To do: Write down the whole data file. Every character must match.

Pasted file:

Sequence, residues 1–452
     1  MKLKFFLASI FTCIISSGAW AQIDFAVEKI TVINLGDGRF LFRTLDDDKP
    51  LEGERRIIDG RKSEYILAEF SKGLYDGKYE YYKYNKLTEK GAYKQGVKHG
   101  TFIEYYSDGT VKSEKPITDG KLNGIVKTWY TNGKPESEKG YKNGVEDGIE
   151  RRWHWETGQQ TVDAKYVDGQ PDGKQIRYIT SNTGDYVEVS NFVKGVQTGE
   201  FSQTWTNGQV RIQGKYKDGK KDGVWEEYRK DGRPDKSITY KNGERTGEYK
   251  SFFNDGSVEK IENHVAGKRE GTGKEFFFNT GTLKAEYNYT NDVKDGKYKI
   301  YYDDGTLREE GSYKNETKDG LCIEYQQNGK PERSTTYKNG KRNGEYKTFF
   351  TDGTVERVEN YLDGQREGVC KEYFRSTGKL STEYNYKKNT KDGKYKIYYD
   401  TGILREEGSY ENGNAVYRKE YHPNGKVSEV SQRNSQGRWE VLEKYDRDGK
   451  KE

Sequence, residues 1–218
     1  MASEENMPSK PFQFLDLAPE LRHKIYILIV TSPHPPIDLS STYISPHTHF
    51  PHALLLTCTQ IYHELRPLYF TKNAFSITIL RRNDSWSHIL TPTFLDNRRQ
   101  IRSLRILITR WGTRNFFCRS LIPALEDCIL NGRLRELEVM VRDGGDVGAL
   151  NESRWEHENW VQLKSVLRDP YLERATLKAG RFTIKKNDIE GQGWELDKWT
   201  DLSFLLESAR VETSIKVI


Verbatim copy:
Sequence, residues 1–452
     1  MKLKFFLASI FTCIISSGAW AQIDFAVEKI TVINLGDGRF LFRTLDDDKP
    51  LEGERRIIDG RKSEYILAEF SKGLYDGKYE YYKYNKLTEK GAYKQGVKHG
   101  TFIEYYSDGT VKSEKPITDG KLNGIVKTWY TNGKPESEKG YKNGVEDGIE
   151  RRWHWETGQQ TVDAKYVDGQ PDGKQIRYIT SNTGDYVEVS NFVKGVQTGE
   201  FSQTWTNGQV RIQGKYKDGK KDGVWEEYRK DGRPDKSITY KNGERTGEYK
   251  SFFNDGSVEK IENHVAGKRE GTGKEFFFNT GTLKAEYNYT NDVKDGKYKI
   301  YYDDGTLREE GSYKNETKDG LCIEYQQNGK PERSTTYKNG KRNGEYKTFF
   351  TDGTVERVEN YLDGQREGVC KEYFRSTGKL STEYNYKKNT KDGKYKIYYD
   401  TGILREEGSY ENGNAVYRKE YHPNGKVSEV SQRNSQGRWE VLEKYDRDGK
   451  KE

Sequence, residues 1–218
     1  MASEENMPSK PFQFLDLAPE LRHKIYILIV TSPHPPIDLS STYISPHTHF
    51  PHALLLTCTQ IYHELRPLYF TKNAFSITIL RRNDSWSHIL TPTFLDNRRQ
   101  IRSLRILITR WGTRNFFCRS LIPALEDCIL NGRLRELEVM VRDGGDVGAL
   151  NESRWEHENW VQLKSVLRDP YLERATLKAG RFTIKKNDIE GQGWELDKWT
   201  DLSFLLESAR VETSIKVI